Providence metro area ranked 9th highest for rate of adults living with their parents

U.S. CENSUS BUREAU data indicates that the share of adults living with their parents has risen 80% over the past two decades, according to a report by the website Namechk.com. / COURTESY NAMECHK.COM
U.S. CENSUS BUREAU data indicates that the share of adults living with their parents has risen 80% over the past two decades, according to a report by the website Namechk.com. / COURTESY NAMECHK.COM

PROVIDENCE – A new report says 8.8% of adults in the Providence-Warwick metro area were living with their parents in 2019, the ninth-highest percentage among large metro regions in the U.S.

The report, by domain search website Namechk.com, used data from U.S. Census Bureau’s 2019 American Community Survey to determine that 7.3% of adults age 25 and older were living with their parents nationwide – 1.5 percentage points below Providence’s rate.

According to the report, experts predict the percentages to climb higher as a result of the COVID-19 pandemic.

The report noted that the share of adults living with their parents varied widely by gender and race/ethnicity, as well as by location. The share of adults living with their parents was much higher than even 20 years ago due to factors such as lower marriage rates, rising housing costs and, more recently, higher unemployment rates.

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The share of adults 25 and older residing with their parents rose 80% over the last two decades. In 2001, the share of adults 25 and older living with their parents was just 3.9%, per the study. After rising to 7.3% in 2016, the figure remained largely unchanged for several years.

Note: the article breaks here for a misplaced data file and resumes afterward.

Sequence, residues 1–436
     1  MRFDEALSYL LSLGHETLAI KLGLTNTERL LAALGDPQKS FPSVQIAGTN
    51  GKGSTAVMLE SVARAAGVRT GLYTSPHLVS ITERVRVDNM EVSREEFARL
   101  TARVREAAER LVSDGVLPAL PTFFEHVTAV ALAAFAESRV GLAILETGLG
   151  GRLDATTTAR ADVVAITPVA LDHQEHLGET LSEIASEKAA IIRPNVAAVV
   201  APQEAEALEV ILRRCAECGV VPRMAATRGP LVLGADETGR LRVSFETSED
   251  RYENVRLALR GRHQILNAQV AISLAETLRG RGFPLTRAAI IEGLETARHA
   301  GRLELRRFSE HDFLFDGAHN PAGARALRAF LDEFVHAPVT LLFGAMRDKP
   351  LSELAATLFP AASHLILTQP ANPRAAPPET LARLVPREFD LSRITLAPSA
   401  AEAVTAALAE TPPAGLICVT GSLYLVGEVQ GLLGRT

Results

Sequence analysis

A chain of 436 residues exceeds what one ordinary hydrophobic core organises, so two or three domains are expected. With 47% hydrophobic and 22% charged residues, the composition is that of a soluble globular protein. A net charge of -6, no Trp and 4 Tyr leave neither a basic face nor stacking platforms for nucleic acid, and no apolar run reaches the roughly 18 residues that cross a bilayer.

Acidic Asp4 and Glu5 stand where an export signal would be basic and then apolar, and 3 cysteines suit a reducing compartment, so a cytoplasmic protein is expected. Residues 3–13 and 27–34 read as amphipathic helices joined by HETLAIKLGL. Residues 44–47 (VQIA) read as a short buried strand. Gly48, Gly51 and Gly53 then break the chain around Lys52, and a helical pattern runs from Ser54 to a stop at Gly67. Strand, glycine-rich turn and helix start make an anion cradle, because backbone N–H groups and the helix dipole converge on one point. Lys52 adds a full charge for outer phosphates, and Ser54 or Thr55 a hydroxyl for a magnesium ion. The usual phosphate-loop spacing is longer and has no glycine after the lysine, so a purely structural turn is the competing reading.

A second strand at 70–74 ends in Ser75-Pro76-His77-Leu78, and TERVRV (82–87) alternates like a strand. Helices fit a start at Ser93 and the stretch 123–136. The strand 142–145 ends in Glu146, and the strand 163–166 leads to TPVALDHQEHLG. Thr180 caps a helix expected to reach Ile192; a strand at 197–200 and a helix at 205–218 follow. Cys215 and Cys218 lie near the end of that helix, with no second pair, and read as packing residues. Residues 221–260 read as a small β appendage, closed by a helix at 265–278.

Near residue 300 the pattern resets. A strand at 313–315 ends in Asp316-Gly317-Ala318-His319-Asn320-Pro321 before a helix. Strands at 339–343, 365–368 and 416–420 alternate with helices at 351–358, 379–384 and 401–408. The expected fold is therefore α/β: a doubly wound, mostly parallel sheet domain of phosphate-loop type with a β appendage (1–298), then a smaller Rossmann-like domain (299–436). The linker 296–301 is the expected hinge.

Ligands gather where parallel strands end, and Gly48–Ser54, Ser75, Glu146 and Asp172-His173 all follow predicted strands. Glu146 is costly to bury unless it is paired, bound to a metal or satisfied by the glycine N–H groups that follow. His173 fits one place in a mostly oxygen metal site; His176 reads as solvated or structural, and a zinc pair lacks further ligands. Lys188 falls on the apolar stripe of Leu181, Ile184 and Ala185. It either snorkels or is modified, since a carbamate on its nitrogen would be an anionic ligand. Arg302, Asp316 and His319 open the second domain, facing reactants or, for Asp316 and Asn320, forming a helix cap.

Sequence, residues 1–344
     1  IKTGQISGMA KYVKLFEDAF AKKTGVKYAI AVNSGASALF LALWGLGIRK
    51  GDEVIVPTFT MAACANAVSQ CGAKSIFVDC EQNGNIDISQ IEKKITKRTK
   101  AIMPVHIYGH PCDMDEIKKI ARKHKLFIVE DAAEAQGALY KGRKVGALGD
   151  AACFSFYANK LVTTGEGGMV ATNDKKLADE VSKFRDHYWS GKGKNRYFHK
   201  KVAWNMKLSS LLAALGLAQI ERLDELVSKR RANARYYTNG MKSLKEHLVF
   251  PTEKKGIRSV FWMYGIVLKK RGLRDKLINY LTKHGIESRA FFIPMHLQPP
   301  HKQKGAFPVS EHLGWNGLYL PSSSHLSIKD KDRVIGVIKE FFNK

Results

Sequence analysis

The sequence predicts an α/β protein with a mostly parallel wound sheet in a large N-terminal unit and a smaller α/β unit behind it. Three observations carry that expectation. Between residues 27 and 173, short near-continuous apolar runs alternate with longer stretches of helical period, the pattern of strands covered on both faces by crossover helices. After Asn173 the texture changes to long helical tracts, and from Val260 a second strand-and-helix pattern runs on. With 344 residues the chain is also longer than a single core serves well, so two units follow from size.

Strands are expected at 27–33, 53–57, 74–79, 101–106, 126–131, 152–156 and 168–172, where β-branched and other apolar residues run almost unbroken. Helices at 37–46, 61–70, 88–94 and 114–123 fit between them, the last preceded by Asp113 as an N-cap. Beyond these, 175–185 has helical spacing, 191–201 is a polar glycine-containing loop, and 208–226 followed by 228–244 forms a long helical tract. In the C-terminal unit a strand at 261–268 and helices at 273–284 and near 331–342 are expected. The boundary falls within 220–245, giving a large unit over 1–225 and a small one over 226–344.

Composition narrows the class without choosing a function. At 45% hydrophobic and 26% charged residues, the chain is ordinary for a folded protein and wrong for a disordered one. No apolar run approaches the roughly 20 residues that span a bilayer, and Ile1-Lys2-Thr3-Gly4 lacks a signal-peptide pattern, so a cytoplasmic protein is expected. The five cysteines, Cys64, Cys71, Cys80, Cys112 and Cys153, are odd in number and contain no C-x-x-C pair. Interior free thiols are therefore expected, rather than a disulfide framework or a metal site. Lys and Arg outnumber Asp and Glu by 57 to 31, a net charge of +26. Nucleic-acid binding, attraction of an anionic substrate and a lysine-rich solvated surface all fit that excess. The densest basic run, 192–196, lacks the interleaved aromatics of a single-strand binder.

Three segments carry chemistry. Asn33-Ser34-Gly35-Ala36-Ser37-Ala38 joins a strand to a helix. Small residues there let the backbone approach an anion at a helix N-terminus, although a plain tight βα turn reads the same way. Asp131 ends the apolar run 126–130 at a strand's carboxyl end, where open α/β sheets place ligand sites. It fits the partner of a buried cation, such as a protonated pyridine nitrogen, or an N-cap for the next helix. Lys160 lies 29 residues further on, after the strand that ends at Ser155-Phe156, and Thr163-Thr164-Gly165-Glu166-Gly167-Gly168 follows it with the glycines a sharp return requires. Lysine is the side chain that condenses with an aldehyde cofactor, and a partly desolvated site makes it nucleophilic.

The study said that new data from the Pew Research Center found that the pandemic resulted in a substantial increase in the share of young adults aged 18 to 29 years old living with their parents, from 47% in February 2020 to 52% just a few months later.

A summary of the data for the Providence metro area, based on the 2019 American Community Survey:

  • Percentage of adults living with parents: 8.8%
  • Total adults living with parents: 99,947
  • 10-year change in adults living with parents: an increase of 2 percentage points.

The statistics for the entire United States:

  • Percentage of adults living with parents: 7.3%
  • Total adults living with parents: 16.1 million
  • 10-year change in adults living with parents: an increase of 1.4 percentage points

Riverside-San Bernardino-Ontario, Calif., ranked highest among large metro areas in the report with 11.6% of adults living with their parents.

The other top 10 rankings were:

2. San Antonio-New Braunfels, Texas – 11.1%
3. New Orleans-Metairie, La. – 10.8%
4. Los Angeles-Long Beach-Anaheim, Calif. – 10.6%
5. Memphis, Tenn. – 10.2%
6. Miami-Fort Lauderdale-West Palm Beach, Fla. – 10.2%
7. Orlando-Kissimmee-Sanford, Fla. – 9.4%
8. San Diego-Carlsbad, Calif. – 8.9%
9. Providence-Warwick – 8.8%
10. New York-Newark-Jersey City – 8.7%

Both economic and cultural differences affect how likely adults are to remain living with their parents, the report said.

For example, states in the Midwest that are more affordable and have above-average marriage rates tend to have fewer adults still living with their parents. Examples include North Dakota, Nebraska, and Iowa. In contrast, states with lower marriage rates that are either highly expensive, such as Hawaii, Rhode Island and California, or have more limited job opportunities, such as Louisiana and Mississippi, generally report larger numbers of adults still living in their parents’ home.

The study noted that while young adults are more likely than older adults to move back home, the pandemic will undoubtedly build upon the longer-term trend of more adults overall choosing to reside in their parents’ households.

Cassius Shuman is a PBN staff writer. Contact him at Shuman@PBN.com. You may also follow him on Twitter @CassiusShuman.

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